I agree but suggest that the issue is not new though perhaps now more invasive of the reading class than before. My youngest born 1983 so my perspective goes back to the 1950s with largely book free home with newspapers and dogmas, not so different from many now, though also then with parents with combined total of three years high school but ambitions for kids. Getting hold of the New Scientist and BBC’s The Listener saved my brain. I was very conscious of bringing up kids in a soup of books more than magazines, of reading all manner of things aloud to them. Also, noting the rather elevated knowledge modalities and values your kids seem to be acquiring :-) they learned cooking from me, to use powwer tools, to grow plants, to get a sense of the diversityof fields of human activity all honourable or otherwise.

It seems to me that the wholesale need of education now, extending from home to peers to school, needs to build curiosity, the foundation of the hunt to read or learn by other means. To build capacity to know what facts may be and how to test them. Ditto beliefs and arguments. There is evidence of declining performance on national education measures andanecdotally of rapid deterioration in many classrooms with kids staying at school and put up each year regardless of performance. But I doubt the politicobureaucratic instinct to solve this by more regimentation will have good effect. Inspiration, role modeling ubiquitously, engagement and connection and space andencouragement to see the vlue of an informed and engaged life. But it’s hard and I note your (and my) quarantine of mainstream crappitude and mindless meme-building of the mainstream. Kids also somehow have to connect with that mainstream, to speak a language understood and influential.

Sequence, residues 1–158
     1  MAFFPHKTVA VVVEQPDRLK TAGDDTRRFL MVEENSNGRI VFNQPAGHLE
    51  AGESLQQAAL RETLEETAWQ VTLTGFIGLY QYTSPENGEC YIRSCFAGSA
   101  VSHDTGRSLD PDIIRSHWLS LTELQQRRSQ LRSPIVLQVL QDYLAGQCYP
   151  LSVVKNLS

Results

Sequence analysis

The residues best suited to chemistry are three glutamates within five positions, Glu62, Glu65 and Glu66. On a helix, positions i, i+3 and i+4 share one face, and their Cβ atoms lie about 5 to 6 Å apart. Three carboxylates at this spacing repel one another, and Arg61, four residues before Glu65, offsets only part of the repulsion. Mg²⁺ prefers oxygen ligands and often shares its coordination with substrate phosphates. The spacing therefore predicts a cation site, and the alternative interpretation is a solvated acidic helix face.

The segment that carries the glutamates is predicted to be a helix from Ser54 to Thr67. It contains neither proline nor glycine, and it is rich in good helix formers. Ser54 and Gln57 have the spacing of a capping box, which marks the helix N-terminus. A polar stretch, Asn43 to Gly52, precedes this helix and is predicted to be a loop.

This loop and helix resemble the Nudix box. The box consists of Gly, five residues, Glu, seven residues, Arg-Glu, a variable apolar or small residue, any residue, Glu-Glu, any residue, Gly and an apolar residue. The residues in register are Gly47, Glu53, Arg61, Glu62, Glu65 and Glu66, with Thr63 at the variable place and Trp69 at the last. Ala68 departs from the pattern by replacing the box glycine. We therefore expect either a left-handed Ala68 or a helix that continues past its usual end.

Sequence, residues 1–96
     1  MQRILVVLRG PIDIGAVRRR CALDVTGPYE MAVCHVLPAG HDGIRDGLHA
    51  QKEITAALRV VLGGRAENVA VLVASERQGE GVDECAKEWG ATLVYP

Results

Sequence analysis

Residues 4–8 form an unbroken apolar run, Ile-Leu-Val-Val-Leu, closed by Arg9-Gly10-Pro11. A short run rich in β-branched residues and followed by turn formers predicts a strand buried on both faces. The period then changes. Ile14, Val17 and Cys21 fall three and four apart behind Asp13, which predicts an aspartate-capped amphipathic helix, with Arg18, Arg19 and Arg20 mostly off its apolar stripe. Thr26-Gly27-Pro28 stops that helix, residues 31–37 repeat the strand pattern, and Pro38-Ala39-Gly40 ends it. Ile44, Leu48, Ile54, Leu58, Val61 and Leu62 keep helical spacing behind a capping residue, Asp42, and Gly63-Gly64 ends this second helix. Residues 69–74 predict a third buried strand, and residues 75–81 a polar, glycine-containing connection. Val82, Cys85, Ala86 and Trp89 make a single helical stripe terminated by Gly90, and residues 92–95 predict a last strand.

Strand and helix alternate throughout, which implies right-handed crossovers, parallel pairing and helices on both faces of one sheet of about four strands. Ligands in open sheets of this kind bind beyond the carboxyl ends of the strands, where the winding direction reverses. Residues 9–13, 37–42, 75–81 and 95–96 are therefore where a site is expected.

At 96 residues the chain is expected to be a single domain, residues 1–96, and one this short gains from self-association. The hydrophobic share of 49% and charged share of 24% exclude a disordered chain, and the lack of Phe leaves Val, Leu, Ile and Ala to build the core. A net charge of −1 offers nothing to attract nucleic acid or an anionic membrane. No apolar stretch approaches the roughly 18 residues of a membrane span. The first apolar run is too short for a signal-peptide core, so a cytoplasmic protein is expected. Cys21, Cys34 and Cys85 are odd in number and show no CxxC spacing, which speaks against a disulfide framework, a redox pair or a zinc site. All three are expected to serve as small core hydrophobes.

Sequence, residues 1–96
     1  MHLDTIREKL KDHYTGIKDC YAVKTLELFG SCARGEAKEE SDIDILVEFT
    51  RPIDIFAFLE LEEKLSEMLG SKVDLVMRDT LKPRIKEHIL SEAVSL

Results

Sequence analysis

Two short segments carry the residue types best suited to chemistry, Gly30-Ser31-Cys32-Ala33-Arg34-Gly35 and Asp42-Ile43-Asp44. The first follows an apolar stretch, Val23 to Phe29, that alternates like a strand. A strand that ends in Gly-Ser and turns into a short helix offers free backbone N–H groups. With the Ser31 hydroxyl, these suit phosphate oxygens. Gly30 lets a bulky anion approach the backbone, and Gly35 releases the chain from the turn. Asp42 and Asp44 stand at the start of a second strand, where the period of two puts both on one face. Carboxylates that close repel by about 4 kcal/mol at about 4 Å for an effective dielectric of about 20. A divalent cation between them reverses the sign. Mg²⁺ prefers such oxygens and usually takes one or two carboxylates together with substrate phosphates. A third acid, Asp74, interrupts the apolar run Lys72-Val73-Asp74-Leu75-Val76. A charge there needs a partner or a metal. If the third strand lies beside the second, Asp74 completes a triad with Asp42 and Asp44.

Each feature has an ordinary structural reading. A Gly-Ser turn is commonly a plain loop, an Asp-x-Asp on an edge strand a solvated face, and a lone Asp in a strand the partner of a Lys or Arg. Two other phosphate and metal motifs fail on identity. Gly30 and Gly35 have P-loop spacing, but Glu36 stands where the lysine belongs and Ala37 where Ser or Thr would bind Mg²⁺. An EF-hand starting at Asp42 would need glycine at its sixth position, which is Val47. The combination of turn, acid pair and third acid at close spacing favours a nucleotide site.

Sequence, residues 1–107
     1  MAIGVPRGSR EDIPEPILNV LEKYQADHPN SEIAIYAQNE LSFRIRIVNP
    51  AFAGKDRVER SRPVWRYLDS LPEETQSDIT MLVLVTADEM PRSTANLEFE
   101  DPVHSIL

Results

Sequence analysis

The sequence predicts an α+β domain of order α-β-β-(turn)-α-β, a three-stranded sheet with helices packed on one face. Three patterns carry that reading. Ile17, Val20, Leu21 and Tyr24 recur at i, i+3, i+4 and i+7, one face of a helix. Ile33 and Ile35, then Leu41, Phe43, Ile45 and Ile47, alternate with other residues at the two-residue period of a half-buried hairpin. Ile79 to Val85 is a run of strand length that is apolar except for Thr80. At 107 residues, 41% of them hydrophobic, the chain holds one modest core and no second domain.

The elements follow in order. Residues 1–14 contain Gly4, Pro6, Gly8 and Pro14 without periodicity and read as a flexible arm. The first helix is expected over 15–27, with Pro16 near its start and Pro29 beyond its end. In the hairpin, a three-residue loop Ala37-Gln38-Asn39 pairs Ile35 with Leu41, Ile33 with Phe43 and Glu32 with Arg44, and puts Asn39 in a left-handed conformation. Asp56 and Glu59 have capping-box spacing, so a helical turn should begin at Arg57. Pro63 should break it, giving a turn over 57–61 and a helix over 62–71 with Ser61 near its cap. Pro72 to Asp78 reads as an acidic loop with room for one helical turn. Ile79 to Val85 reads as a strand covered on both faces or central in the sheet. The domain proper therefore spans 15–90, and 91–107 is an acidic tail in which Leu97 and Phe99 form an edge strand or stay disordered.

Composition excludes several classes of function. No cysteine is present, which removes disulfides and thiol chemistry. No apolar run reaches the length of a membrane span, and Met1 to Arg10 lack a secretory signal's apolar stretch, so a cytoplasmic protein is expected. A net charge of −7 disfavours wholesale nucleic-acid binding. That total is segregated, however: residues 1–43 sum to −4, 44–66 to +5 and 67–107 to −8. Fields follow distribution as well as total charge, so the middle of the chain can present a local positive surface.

wilful
wilful
9 years ago

Here’s a funny anecdote – I was in Aldi the other week and there were all these colourful reference books aimed at the 8 – 15 year old market on a range of things, such as sharks, volcanoes, ancient rome etc etc. They were $3 each so I picked up a dozen or so. But the woman next to me looked at the offerings scornfully and said “oh that’s all on the internet these days” – as if some kid is just going to cruise through Wikipedia and find out all of this interesting stuff on their own. I don’t think so.

wilful
wilful
9 years ago

Also, I grew up reading my parents newspapers – but there’s no way in hell I’m buying the tripe they put in newspapers today to try to edumacate my kids.

Julie Thomas
Julie Thomas
9 years ago

Paul, I use facebook as a way of leaving ‘interesting things to read’ lying around the house. I am a grandmother and also the oldest person in the family qualified to operate fb, so now I feel free to assume the bossy old woman role and post useful stuff that I think everyone should know.

As long as I find enough ‘cool and funny’ links to add to the useful, interesting, informative and challenging stuff that I think they should read, they do actually check out my page. I even post links for family members who live in the same house.

The only newspaper we read is the free local one; I pick it up to drain the chips on, but it is often quite interesting and I think performs a useful and positive community function. One thing that really made my day was noticing that they have a page for all the ‘spiritual’ notices and it is so inclusive, with buddhist and even the new age ‘religions’ given equal space. And this in a conservative inland Qld town? Things are not as bad as they sometimes seem.

Tim Macknay
Tim Macknay
9 years ago

Thanks for this Paul. A useful tip for when my two year old learns to read.